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At the height of his addiction James Smith came close to stabbing a man to death over money: “To this day I see this guy quite a lot and think, I could’ve murdered him, I could be in prison right now for life. When you’re full of heroin or tablets, you just don’t realise what you’re doing.”Photo: Simon Murphy

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Simon Murphy’s portraits of the Hope Street photographers aim to remind people that, when the barriers come down, you stop seeing the addict. George Beattie, a recovering addict who took the exhibition’s title shot, says he’s lucky to be alive: “I was found lying on the car park stairs by an off duty policeman.”Photo: Simon Murphy

Discarded needles floating in a festering toilet pan, the littered floor of a well-used drug den, an imposing grey tower block, faded family photos trampled in the mud; these are just some of the images to come out of a new photography project in Glasgow based around addiction.

The Hope Street project, which brought together a group of people whose lives have been seriously affected by alcohol and drug abuse, was launched at the beginning of July by North Glasgow College and The Glasgow City Alcohol and Drug Partnership.

In Scotland's largest city, drug abuse has been a long-standing problem, especially in its poorest areas where most of the Hope Street photographers grew up. The initial aim of the project was to give its participants the skills to document the progress of the Glasgow GRAND Recovery Runners - fellow community rehab members participating in the Great Scottish Run, as part of the city's 'Getting Real About Alcohol & Drugs' week - Communities Sub-group.

"Before, [hope] was a luxury we never had - just the hope for the next hit but now I feel stronger."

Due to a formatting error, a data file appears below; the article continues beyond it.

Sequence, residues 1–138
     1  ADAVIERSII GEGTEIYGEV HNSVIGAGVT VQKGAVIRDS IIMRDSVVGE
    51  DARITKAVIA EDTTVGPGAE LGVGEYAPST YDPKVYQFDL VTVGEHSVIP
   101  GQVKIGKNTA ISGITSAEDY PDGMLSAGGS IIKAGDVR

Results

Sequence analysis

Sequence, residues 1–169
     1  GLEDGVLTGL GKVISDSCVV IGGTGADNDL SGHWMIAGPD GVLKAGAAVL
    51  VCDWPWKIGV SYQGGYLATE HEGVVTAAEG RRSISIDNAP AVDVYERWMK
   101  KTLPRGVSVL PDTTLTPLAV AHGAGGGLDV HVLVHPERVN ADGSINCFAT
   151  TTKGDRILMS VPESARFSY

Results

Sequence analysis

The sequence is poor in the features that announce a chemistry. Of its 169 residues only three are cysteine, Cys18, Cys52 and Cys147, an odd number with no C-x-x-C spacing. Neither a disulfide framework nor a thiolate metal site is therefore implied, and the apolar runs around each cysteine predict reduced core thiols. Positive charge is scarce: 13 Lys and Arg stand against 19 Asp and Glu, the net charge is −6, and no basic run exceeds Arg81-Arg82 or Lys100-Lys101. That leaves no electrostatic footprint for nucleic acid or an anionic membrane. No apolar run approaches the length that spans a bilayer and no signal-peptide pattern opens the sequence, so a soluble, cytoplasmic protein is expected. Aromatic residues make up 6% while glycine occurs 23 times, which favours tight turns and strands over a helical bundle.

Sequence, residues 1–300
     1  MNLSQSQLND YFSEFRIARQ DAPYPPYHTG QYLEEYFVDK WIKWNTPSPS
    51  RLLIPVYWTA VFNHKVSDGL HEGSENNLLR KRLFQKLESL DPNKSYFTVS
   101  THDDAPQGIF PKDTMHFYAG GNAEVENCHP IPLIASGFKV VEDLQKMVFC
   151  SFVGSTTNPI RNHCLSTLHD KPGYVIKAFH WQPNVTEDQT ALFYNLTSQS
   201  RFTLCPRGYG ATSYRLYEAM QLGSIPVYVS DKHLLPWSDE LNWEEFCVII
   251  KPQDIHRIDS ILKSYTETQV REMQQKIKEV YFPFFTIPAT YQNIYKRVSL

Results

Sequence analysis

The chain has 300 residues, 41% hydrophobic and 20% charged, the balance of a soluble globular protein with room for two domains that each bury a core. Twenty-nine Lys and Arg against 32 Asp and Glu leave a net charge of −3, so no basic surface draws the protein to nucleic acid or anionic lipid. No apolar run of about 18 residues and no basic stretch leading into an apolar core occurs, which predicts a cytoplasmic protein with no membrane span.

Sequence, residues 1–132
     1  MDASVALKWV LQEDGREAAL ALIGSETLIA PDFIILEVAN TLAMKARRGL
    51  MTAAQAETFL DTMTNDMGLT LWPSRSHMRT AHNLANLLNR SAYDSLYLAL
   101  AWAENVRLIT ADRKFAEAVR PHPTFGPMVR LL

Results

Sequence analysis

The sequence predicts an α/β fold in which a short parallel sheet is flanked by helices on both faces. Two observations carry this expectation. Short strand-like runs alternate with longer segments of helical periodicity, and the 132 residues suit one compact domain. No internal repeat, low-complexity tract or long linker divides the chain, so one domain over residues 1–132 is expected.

But as it progressed, those involved realised the project could have a far greater purpose - to give members an opportunity to record and reflect on their personal battles with alcohol and drug addiction, and potentially inspire others.

In the college's photography department, the group were taught basic camera techniques by professional photographer and lecturer, Simon Murphy. For most of the students - who had been put forward for the project by workers at their community rehabs - this was the first time they had ever picked up a camera, but Murphy believes that their personal experiences gave them an edge over regular students. "At the start I found that, technically, we were just scratching the surface but what these guys have is a story; something to say and that makes their images powerful."

Watch the Hope Street photographers in action.

"It reminds [people] of the choice they need to make. There's no point in preaching - it's all been said to them before - but I hope these pictures get through to someone," says Michael Kearney, 44, a former heroin addict who, thanks to the community rehabilitation project New Horizons, managed to overcome an addiction lasting nearly three decades. Reflecting on his past three clean years, he says: "I feel like I'm just getting to know myself again. Back then I was like a robot. I'm living now, not just existing."

For many participants of the Hope Street project, being given a chance to revisit their past with a fresh perspective was a disturbing yet reaffirming experience. A visit to a local city centre drug den was memorable for all involved, including Murphy, who recalls the scene: "The floor was littered with needles and excrement - the place was a mess."

Glasgow GRAND Recovery Runners

The initial aim of the project was to give its participants the skills to document the progress of the Glasgow GRAND Recovery Runners - fellow community rehabilitation members participating in the Great Scottish Run as part of 'Getting Real About Alcohol & Drugs' week; a series of events organised by Glasgow's Communities Sub-group to raise awareness of the subject throughout the city.

The ADP Communities Sub-group, in partnership with Glasgow Life provided more than 150 places for Recovery Supporters to participate in The Great Scottish Run 10k, Glasgow on Sunday 2nd September.

More info here.

"When you're buzzing you don't notice all that- you're quite happy and you can relax on your wee couch," reflects Michael, who's shot of the den's 'gouch couch' is part of the exhibition. "I hope the photos inspire people to see things the way we've shot them … and just get something to click."